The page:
The present round of industrial action has to seen and supported in this context

But reform doesn’t mean rearranging chairs with top-down impositions from Whitehall. And investment alone won’t be enough. Instead, we need a ruthless focus on ensuring patients are treated better and sooner.

When I was Director of Public Prosecutions, I saw how public services focus far too much on treatment rather than prevention. Every serious case review that came across my desk, was the same story: lives that could have gone differently, let down by a lack of early intervention. The similarities with healthcare are clear. The opportunities to turn this around are huge.

Again this must be highlighted at a key outcome “ensuring that patients are treated better and sooner”.

In the first instance this requires more staff as has already been acknowledged.

But we also need to use this additional staff  to work in improved ways – reflecting growing health inequalities, the levels of multi-morbidity resulting from an ageing society and mental health problems.

This will involve recruiting more  GPs  who will be part of multi-disciplinary teams, making greater use of IT and working more closely with social care, housing and public health. 

GP services are the front door of the NHS and the key to that early intervention. But the demand for their care outstrips supply. They now carry huge patient lists. We’ve lost more than 4,000 GPs and many practices have closed over the past decade. This is an acknowledgement of the problems created by the failure to retain staff.

 In recent years GP numbers have declined rather than increased as promised. This means longer delays at GP surgeries and less time with patients which will in turn result in more people choosing to use A & E  departments. Managing long term illness and providing more preventive care in a community setting becomes more difficult.

It also recognises the importance of manageable list sizes to deliver sooner and better care. In their policy statement on primary care Doctors in Unite call for a target of list sizes of about 1,200 patients per GP with priority being given to areas with the most illness and highest list sizes.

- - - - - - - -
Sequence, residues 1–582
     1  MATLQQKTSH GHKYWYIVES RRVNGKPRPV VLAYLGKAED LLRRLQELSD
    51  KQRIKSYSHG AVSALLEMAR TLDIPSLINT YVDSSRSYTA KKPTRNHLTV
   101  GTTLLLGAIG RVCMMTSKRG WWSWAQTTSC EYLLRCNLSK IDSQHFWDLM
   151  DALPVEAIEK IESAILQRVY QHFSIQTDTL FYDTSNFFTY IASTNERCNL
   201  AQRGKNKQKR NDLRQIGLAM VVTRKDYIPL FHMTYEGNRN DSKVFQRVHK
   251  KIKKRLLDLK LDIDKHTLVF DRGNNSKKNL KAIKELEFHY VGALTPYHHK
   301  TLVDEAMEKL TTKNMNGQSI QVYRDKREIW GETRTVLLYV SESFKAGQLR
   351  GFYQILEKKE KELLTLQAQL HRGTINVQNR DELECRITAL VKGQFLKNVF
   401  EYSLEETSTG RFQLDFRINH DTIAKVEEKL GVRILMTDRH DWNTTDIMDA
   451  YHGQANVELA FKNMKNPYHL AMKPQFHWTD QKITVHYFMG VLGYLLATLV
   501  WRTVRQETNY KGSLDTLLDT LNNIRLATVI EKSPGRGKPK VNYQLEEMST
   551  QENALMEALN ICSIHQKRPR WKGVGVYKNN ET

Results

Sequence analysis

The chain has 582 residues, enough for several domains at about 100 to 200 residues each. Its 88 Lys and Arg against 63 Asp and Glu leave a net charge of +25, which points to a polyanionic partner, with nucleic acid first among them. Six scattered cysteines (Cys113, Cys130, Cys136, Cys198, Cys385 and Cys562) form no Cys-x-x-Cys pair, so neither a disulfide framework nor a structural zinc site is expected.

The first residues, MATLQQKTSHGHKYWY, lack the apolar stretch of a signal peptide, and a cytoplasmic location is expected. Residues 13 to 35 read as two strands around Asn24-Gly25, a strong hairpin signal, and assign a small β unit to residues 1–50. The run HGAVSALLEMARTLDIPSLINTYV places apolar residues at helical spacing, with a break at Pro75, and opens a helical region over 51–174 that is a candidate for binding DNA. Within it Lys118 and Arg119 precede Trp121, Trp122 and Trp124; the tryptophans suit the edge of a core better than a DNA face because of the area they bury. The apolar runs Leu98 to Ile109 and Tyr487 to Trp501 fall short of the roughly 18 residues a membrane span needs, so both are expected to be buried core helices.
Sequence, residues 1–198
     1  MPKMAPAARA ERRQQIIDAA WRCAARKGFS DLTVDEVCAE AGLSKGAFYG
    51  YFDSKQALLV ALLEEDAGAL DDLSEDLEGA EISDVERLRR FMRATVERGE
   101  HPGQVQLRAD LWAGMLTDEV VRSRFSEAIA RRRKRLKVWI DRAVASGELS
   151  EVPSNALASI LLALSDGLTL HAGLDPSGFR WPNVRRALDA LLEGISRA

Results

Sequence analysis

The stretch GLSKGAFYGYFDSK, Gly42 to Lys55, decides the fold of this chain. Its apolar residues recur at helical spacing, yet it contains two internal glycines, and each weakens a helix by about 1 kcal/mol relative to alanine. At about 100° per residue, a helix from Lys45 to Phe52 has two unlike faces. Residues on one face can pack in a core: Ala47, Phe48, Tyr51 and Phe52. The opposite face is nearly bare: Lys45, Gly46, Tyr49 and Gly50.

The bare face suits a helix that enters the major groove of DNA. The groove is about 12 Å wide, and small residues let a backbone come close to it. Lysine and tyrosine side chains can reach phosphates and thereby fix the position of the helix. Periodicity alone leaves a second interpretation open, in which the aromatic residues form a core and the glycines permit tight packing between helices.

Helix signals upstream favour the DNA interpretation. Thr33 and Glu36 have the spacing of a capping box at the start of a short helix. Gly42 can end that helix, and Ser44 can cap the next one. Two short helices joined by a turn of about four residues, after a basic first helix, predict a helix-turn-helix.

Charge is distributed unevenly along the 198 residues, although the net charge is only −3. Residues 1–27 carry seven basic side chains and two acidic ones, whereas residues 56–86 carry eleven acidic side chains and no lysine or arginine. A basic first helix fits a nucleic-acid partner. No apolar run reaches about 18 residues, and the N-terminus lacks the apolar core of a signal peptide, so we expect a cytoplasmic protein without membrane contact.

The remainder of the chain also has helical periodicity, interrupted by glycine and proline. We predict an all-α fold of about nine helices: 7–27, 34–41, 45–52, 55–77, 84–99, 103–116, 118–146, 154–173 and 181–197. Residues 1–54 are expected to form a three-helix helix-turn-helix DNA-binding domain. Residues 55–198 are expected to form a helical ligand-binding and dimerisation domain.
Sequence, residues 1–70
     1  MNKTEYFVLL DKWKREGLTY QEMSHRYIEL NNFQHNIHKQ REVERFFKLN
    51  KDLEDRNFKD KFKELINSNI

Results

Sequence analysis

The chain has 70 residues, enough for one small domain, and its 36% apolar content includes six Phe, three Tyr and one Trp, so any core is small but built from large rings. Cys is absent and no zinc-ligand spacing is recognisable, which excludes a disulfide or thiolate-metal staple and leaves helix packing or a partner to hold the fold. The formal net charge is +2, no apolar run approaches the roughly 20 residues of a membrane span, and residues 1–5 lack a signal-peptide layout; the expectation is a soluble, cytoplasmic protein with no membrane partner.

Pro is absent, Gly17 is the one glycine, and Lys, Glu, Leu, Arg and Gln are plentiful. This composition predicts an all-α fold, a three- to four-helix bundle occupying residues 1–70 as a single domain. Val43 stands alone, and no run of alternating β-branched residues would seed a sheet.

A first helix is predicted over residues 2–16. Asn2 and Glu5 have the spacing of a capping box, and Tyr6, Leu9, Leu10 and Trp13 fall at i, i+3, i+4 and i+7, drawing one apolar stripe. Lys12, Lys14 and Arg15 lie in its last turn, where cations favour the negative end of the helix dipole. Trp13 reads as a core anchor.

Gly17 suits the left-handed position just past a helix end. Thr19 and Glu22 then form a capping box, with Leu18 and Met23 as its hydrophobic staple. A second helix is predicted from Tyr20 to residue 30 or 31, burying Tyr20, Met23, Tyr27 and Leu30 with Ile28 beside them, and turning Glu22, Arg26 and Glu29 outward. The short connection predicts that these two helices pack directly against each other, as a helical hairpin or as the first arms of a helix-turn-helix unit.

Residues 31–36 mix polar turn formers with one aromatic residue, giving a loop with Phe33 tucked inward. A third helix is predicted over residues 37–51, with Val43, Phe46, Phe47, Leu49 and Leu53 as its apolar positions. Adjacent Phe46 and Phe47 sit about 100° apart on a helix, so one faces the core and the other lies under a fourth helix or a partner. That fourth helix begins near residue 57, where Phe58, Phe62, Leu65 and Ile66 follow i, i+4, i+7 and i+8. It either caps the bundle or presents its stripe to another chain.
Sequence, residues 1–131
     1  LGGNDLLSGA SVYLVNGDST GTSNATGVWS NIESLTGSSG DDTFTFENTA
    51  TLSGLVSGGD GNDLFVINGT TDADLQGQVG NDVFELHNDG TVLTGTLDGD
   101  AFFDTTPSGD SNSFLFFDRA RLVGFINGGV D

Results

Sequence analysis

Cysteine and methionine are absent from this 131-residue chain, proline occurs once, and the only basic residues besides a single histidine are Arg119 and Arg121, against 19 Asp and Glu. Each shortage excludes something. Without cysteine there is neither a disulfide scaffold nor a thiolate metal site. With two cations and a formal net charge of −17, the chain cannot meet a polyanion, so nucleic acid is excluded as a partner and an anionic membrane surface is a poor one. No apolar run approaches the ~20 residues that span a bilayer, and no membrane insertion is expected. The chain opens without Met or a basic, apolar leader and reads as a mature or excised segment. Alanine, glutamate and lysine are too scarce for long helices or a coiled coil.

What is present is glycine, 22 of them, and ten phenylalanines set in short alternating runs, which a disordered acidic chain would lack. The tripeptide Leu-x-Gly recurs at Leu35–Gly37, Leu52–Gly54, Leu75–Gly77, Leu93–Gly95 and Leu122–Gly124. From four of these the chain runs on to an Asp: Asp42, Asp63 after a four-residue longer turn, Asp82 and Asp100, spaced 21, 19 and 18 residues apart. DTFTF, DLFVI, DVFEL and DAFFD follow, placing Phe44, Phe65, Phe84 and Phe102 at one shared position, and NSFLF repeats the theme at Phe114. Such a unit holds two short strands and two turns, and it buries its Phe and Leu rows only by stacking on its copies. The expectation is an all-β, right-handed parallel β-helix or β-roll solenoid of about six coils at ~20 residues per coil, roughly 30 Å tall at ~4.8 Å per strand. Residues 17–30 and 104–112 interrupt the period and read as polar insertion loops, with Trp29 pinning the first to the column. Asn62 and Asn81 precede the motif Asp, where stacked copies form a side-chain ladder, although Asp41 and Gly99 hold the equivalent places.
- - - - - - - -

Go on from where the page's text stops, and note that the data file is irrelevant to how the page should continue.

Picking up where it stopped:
When people can’t walk through that front door they inevitably end up going through another, more expensive one – the hospital. Quality care in the community provided by GPs is the difference between a diabetes patient living a happy, fulfilled life versus needing an emergency amputation. It is that stark. This is a recognition of the importance of preventive care and the management of chronic disease being provided within a primary care framework.

It is the better option and can be the least expensive as well, in the long run.

But our primary care model isn’t working. Not enough young doctors want to take on its burdens and liabilities when older partners retire. It’s time for us to think about a new, sustainable system, one that allows GPs to focus on caring for patients rather than the admin that comes with effectively running a small business.

This would be a big change and it won’t happen overnight. But I am a pragmatist, focused on what works for patients. As GPs retire and those contracts are handed back, I want to phase in a new system that sees GPs fairly rewarded within the NHS, working much more closely with other parts of the system. Not everyone will want to hear this – but it is the direction we need to go in.

The  NHS  must provide a salaried GP service where doctors can focus on clinical care and not on the bureaucracy of running a business. They must also have an alternative to working for the corporate bodies that seek to benefit from the privatisation of primary care.


This will be done on a pragmatic basis and will not be introduced on a “big bang” nationalisation of general practice.


There is also an awareness that the forces of caution and conservatism ( small “c”) within the profession may not welcome this.